Note from the editor: Houzz is an amazing resource for those looking to update their home, do some decorating, and prepare their home for sale. You can share these these articles with your clients who are looking for ways to fix up their home to help it sell. We appreciate Houzz for providing us with this guest post.
By Mitchell Parker, Houzz
Warning: This article might cause you to feel ashamed, embarrassed and like you’re committing home design sins. OK, maybe not. But what you are about to read is a list of common household design elements that many homeowners, according to a recent, lively Houzz discussion, absolutely refuse to have in their home.
The dirty, and hilarious, truth is that many homeowners — even the most extreme yet playful haters — make do with these things in their own homes, and are actually quite fond of them. Plus, what many people are probably reacting to are those basic, off-the-shelf options that fill old, dated homes and apartments (like mine). Actually, many advancements have been made in things like carpet and laminate. And the point is, it’s all fun and you should never take your house too seriously anyway. Just make the most of what you have — and never say never.
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1. Carpet. Oh, come on. Why is everyone so down on carpet? It’s soft, it comes in lots of styles and colors, and it’s fairly affordable. Plus, it’s versatile and customizable. My kids have customized our carpet with markers, juice and dirty shoes.
OK, I admit that I don’t quite understand putting carpet in the kitchen or a bathroom. And stock apartment carpet is more than ho-hum. But let designer Judith Taylor convince you that there’s more to carpet than what you think.
2. Laminate flooring. As with most things, the cheaper you go, the cheaper it’ll look. Laminate flooring has come a long way. You can have entirely manufactured floors that look like exotic woods or even tile or slate.
3. Taxidermy. This is a tough one. I’ve hunted before. I grew up in Texas. I have a friend who wants to train to be a taxidermist. But it’s just not for me — from a moral, ethical and environmental standpoint. What I’ve found is that many homeowners who agree with me still find themselves in households with taxidermy because their spouse or significant other is really into it. I think if we can find a way to accept everyone’s views and be respectful enough to have a serious, smart conversation about the subject, then we’ve made a little progress.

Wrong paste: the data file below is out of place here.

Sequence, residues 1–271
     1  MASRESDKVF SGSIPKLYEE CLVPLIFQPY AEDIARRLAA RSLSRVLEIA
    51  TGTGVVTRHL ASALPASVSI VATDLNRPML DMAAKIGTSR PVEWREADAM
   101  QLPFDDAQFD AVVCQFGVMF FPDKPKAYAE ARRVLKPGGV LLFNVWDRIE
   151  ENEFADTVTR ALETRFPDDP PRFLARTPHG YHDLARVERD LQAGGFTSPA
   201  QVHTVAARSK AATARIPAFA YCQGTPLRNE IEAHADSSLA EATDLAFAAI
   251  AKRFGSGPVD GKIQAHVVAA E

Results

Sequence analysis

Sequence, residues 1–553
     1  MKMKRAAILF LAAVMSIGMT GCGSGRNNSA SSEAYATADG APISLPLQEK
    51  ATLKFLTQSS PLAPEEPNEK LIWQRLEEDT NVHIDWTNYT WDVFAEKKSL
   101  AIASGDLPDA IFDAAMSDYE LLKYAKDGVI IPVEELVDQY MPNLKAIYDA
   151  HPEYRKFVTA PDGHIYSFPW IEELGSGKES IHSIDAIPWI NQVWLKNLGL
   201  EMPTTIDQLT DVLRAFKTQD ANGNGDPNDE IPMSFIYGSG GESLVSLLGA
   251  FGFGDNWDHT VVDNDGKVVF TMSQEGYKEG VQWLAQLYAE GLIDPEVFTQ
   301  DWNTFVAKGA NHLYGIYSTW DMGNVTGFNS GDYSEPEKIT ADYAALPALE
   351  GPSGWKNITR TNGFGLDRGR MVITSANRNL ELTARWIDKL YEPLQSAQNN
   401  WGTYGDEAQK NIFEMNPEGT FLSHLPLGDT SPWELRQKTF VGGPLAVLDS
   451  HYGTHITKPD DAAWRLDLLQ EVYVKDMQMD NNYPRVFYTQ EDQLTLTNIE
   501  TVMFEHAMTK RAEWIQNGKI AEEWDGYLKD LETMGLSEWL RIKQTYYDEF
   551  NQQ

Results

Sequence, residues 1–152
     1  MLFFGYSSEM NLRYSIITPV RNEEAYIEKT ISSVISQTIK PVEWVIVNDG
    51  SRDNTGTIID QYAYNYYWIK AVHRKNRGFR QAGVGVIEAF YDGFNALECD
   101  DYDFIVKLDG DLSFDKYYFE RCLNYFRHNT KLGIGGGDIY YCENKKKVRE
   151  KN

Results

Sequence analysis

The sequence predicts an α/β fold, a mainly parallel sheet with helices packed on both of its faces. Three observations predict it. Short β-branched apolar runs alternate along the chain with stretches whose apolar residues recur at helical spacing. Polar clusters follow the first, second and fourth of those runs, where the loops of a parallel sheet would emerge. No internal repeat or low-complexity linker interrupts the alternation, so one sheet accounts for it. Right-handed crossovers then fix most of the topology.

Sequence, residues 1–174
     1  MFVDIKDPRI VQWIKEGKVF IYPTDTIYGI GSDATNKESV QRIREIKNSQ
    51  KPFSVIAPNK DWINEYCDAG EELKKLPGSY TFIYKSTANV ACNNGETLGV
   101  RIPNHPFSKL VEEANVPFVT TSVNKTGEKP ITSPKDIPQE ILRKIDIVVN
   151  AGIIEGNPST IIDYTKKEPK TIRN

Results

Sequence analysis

Take user mmers, for example. She sums the dilemma up nicely: “There are a few things I would have said ‘never’ to until I married my husband. Unfortunately we have some taxidermy things (his office. I rarely have to see them. He’s a hunter). We try to compromise. Sometimes it’s more successful than other times.”
4. Vertical blinds. I’ll admit, I was a little taken aback by this one. I like my vertical blinds, especially the ones in my bedroom, and especially after I hang a large blanket, a dark red fitted sheet and blackout curtains over them. That’s just me.
As longtime designer Becky Dietrich points out, however, vertical blinds have come a long way, work great for large windows and sliding glass doors, and are now available in materials like sheer fabrics.
5. Fake flowers. Actually, pretty much fake anything. I definitely can get behind this one, though of course there has been a vase of fake flowers in my home at various points in my life, ones I let stay for far too long.
Architect Eric Reinholdt advocates for humble materials that “don’t draw attention to themselves or pretend to be something they’re not.” I think that’s a simple way to make a home more honest and inviting.
6. Wallpaper. Again, I think this is a case where many people have an image in their head from a time long, long ago. I can remember the floral-print wallpaper in my parents’ bathroom, yellowed and peeling. But today things are different.
“Just a few years ago, wallpaper was considered a fusty relic of another era,” says Houzz writer Fred Albert in his piece on considering wallpaper. “But in recent years, it’s come roaring back, riding a wave of popularity fueled by improved selection, an interest in textured surfaces and an increasingly sophisticated public exposed to interior design via TV and the Web.”
7. Too many knickknacks collecting dust. If I had a nickel for every time I dusted, I wouldn’t have enough money to buy a stamp. I’m guessing from the comments in the above-mentioned Houzz discussion that many people are just like me, so much so that they’ve made it a mission to rid their homes of any tchotchkes that can accumulate dust.
But that’s not the right solution. Our homes should be filled with memories and things that make us happy, no matter how abundant or small. Keep your collections and display them with pride — learn how to fight dust instead.
8. Fluorescent lighting. I can’t imagine any situation where fluorescent lighting makes a home feel, well, homier. In a home office or workshop? Fine. But a kitchen? Don’t think so.
9. Recliners. People seem to fall into two camps: those who like big reclining chairs and those who loathe them. Sorry, I love my recliner. Granted, it looks like a big lump of ugly, but when I see it, all I think of is the times I’ve spent curled up rocking my newborn daughter, reading a good book or watching an exciting sports game. There’s nothing like it. Maybe it’s a dad thing.
10. Clowns. OK, I read Stephen King’s It, have seen Killer Clowns From Outer Space and wouldn’t want my house filled with anything reminiscent of a clown. But let’s cut some people some slack here. After all, I’d be more than happy to have this Australian family of clowns in my home!